But that support may be coming to an end.
Soon after my story was published, two union leaders took a courageous stand for the embattled PMT workers. In letters e-mailed in December, both Bryan Jeffries — a Mesa firefighter and president of the union there — and Tim Hill, president of the state firefighters union, the Professional Fire Fighters of Arizona, called for firefighters to stop working at PMT.
"I urge you all to consider what our response would be if one of our employers decided to unilaterally replace a person on our trucks with part-time employees from private ambulance companies or Rural/Metro Fire to save money or put pressure on us to destroy our union and our contract," Hill wrote in his letter. "Such activity would call for the strongest possible response . . .
"Therefore, effective immediately, it is the formal position of the Professional Fire Fighters of Arizona and the United Phoenix Firefighters Local 493 . . . that members discontinue employment with PMT Ambulance immediately."
Hill and Jeffries say that the firefighters' boycott should continue until PMT signs an "equitable labor agreement" with its union.
"I realize that with some, this may not be a popular position," Jeffries wrote. "However, in my view, it is the right position."
Indeed, it can't be hard for firefighters to side with the lowly "barneys" who work on ambulances, especially when it means standing up to their former leader, Cantelme, who's still popular with membership.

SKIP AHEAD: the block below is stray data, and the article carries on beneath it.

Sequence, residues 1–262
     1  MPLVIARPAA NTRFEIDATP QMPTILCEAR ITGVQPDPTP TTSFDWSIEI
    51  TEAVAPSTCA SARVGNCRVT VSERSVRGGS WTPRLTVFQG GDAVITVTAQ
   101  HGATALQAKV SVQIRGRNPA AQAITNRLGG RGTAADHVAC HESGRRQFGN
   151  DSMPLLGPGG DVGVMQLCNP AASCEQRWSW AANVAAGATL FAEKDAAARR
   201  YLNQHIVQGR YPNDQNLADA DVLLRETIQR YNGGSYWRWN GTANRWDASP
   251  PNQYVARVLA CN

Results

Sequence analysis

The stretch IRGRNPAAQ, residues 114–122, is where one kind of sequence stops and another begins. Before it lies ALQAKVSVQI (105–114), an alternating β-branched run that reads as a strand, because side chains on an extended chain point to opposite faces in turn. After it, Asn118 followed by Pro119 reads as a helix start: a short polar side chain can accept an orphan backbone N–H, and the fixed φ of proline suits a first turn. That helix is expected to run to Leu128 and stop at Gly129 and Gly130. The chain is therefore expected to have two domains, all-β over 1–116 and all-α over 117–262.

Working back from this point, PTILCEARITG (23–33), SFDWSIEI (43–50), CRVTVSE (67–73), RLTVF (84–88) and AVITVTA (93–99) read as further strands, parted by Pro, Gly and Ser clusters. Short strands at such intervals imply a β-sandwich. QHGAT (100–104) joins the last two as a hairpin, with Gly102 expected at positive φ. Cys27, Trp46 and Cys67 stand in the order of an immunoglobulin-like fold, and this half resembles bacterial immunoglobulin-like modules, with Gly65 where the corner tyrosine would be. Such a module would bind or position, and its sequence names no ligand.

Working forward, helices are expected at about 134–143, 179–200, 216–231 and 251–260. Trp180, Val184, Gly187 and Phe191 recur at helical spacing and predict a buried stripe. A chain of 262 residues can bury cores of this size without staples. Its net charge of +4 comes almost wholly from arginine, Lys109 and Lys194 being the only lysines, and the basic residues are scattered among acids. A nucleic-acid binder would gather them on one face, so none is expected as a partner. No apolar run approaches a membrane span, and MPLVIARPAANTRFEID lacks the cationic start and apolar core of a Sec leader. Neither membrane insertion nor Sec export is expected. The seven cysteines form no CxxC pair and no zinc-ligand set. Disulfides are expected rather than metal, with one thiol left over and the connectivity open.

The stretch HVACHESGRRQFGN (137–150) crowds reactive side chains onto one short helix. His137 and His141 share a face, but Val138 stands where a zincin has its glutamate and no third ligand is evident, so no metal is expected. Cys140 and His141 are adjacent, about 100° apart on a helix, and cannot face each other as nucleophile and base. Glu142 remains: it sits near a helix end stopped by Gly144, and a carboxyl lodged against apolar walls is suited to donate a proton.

But Jeffries is correct: It is the right thing to do. Until PMT can get its own house in order, the firefighters need to heed Jeffries' courageous call and refrain from accepting shifts from the company.
PHIL GORDON, CLEARED
This one is hardly a shock, but Phoenix Mayor Phil Gordon has been officially cleared of any illegality in the payments Gordon's campaign made to his girlfriend, Elissa Mullany.
Gordon began dating Mullany, his fundraiser, soon after the 2007 campaign. Both are separated from their spouses, although not yet divorced.
But even though Gordon has had little need for fundraising in the past two years — he's facing term limits and plans to leave for the private sector when his term as mayor is over — he's continued to pay Mullany big bucks. Her two-person company has earned $140,000 from various campaign accounts, or roughly 52 percent of all the money accrued.
Gordon has also used his campaign accounts to pay for Mullany's travel. And he's gotten her more work — and more money — from various initiatives associated with the city, including his much ballyhooed Phoenix Global Trade Initiative, which folded last year after paying Mullany $12,000 and sending her to Dubai.
As I explained from the beginning, though, none of this is illegal unless Gordon is somehow benefiting personally from Mullany's fees. The law forbids public officials from using their campaign funds to enrich themselves, a prohibition that extends to anyone related by "blood or marriage."
So Gordon couldn't be paying his estranged wife through the fund. But when, at Gordon's request, former Arizona Supreme Court Chief Justice Thomas Zlaket did a formal review of the payments, Zlaket concluded that payments to his girlfriend are a-okay.
You've got to love Arizona law, eh?
Frankly, I couldn't help but think of Maricopa County Supervisor Don Stapley, who faces a felony indictment for raising money to run for the National Association of Counties and, allegedly, using it instead on spa treatments for his family and hair implants and electronics at Bang & Olufsen.
Stapley simply wasn't thinking. Everybody knows you can't spend that money on your wife.
Dude should have taken a mistress.